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August 23, 2016
During your outdoor adventures this summer you may run across a unique looking tree you don’t recognize, a beautiful bird you can’t quite put your finger on, or maybe a polluted or littered area of a stream. Instead of being left on your own, some mobile applications can help you identify that new species or report that pollution!
We’ve been playing around with some of the mobile tools that can help you make the most of your outdoor experiences this summer. Here are some of our favorite, free mobile apps to check out:
Merlin Bird ID.Beef up your “life list” of birds you’ve identified easily with this simple application. This useful app has you figuring out what bird you’re seeing based on your location and the bird’s size, color, shape, look and sound.
Learn a little about the app with the Cornell Lab’s video below and you can download the app here.[youtube id=”OkH11ZiIL9E” width=”600″ height=”350″ ]
Water Reporter. With this app you can report what you’re doing on the water as well as what you find there. Whether it’s kayaking, fishing, excessive trash or a fish kill, you can report what’s happening to your waterways in real time. You can also sign up to see what’s going on in your area! If someone makes a report in the areas you’re interested, the people at Water Reporter will let you know so you can stay in touch with the water you care about.
Check out reports near you and download the app here. Now is a great time to use the leaf snap app as trees are fully “leafed out”. (Photo of a Baltimore oriole in tree courtesy of CBP.)Leaf Snap.This mobile app (available only for apple iPhone and iPad) uses visual recognition software to help you identify trees from your photographs of their leaves. Developed by some here in the watershed at the University of Maryland, this app has many of the common native and some non-native trees that can be found in the area.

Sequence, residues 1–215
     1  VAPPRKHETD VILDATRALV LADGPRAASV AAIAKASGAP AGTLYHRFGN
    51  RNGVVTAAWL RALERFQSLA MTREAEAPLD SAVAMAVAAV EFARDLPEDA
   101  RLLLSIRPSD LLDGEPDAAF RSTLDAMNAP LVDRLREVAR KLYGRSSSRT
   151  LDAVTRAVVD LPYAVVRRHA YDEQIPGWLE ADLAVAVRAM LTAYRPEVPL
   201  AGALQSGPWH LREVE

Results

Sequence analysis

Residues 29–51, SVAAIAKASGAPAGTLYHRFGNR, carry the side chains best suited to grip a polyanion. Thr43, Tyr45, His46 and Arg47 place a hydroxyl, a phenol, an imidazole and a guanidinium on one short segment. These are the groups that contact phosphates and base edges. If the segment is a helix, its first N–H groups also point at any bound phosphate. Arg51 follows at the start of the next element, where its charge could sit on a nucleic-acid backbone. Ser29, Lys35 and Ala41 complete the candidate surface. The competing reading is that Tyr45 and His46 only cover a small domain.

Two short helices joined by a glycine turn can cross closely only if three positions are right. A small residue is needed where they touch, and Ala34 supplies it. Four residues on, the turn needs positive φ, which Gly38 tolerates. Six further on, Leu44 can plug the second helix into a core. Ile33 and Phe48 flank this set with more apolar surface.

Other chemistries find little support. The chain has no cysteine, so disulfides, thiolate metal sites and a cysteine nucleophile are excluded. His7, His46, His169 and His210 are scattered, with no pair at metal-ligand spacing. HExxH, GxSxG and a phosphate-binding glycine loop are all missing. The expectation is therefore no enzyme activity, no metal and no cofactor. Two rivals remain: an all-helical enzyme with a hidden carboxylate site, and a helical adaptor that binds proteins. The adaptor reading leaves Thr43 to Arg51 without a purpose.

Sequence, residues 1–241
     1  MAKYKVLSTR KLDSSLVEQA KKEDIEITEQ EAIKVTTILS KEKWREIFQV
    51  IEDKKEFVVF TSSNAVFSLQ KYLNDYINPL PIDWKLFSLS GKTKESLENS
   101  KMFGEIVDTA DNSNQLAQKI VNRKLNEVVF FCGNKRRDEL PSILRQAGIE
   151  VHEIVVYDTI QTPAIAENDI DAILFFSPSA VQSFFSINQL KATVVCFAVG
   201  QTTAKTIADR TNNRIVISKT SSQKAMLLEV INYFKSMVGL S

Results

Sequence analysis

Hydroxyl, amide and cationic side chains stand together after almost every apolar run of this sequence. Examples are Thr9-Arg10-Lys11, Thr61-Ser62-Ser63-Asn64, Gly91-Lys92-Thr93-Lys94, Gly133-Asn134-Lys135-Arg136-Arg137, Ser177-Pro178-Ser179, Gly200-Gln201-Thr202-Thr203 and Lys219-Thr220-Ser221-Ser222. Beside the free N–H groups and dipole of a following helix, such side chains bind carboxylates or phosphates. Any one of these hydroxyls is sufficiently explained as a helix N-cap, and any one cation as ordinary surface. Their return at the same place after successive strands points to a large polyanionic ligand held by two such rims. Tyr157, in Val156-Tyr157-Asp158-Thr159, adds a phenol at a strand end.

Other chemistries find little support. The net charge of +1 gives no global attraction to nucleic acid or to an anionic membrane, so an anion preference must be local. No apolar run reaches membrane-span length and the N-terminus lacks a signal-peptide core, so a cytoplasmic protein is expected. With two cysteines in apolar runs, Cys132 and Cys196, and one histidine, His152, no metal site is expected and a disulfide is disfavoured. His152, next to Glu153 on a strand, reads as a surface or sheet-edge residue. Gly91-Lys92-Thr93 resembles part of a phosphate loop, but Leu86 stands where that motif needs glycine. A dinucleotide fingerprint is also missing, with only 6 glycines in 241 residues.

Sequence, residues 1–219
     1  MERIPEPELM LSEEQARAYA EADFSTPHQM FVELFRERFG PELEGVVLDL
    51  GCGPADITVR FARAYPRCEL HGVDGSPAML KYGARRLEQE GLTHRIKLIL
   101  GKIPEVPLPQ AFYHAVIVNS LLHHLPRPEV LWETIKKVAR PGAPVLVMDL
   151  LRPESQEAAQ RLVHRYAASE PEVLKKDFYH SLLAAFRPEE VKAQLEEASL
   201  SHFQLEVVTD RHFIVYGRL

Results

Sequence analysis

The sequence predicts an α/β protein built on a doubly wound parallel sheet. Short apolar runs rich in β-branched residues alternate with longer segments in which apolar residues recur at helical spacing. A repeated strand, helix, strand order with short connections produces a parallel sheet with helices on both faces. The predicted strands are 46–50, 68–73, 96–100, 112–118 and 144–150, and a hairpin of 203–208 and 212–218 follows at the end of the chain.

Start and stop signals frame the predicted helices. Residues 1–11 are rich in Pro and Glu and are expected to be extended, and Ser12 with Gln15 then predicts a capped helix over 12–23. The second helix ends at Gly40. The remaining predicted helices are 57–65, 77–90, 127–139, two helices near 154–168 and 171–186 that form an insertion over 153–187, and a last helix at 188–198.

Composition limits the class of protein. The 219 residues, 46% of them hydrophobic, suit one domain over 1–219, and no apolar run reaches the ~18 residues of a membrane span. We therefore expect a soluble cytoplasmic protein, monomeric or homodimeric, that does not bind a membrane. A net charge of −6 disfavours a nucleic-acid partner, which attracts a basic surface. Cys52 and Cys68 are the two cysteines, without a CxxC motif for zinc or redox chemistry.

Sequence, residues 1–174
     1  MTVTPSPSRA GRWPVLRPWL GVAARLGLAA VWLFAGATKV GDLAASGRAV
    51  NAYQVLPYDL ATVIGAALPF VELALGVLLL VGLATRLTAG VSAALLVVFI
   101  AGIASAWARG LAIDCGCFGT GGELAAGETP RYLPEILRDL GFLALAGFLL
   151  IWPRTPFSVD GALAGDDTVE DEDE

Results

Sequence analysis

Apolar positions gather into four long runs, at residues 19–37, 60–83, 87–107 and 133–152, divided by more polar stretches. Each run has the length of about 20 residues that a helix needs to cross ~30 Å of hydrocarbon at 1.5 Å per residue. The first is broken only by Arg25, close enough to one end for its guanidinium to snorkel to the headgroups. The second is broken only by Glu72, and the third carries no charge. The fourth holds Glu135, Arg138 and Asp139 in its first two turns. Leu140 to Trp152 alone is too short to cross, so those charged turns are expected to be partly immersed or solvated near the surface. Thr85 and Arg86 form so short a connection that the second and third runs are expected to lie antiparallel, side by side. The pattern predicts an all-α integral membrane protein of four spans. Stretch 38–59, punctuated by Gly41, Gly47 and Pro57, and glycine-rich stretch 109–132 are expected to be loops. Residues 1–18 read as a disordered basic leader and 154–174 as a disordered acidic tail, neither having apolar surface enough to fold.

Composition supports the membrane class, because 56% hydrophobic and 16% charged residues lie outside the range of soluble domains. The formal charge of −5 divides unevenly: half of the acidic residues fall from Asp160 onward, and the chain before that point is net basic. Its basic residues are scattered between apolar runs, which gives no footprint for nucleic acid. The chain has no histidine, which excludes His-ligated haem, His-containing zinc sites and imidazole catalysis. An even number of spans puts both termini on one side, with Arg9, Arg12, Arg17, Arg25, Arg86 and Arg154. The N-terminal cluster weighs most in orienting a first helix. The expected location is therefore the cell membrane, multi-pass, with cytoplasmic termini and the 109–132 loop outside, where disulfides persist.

Learn more and download the app here.Chesapeake Catch.This app lets avid fishermen and newbies alike log details and pictures of the sportfish that they’ve caught into a personal record. Share your catch info with other anglers and with scientists that want to know more about how Chesapeake fisheries are doing.
Find out more about the application and download it here. Frank and Audrey Peterman, the 2015 Forum’s Plenary Speakers, encouraged attendees to work towards greater inclusion and diversity in the conservation movement.Creek Critters.So catching fish, birding or identifying flora isn’t your passion… but checking out benthic macroinvertebrates is? This is the mobile app to have in your pocket when you’re mucking around the streams! The Audobon Naturalits Society’s Creek Critters app will help you identify the tiny creatures that live in freshwater streams near you.
See more about the app and download it here.Be sure to tell us if you use and like these applications and what cool apps we missed on twitter and facebook!
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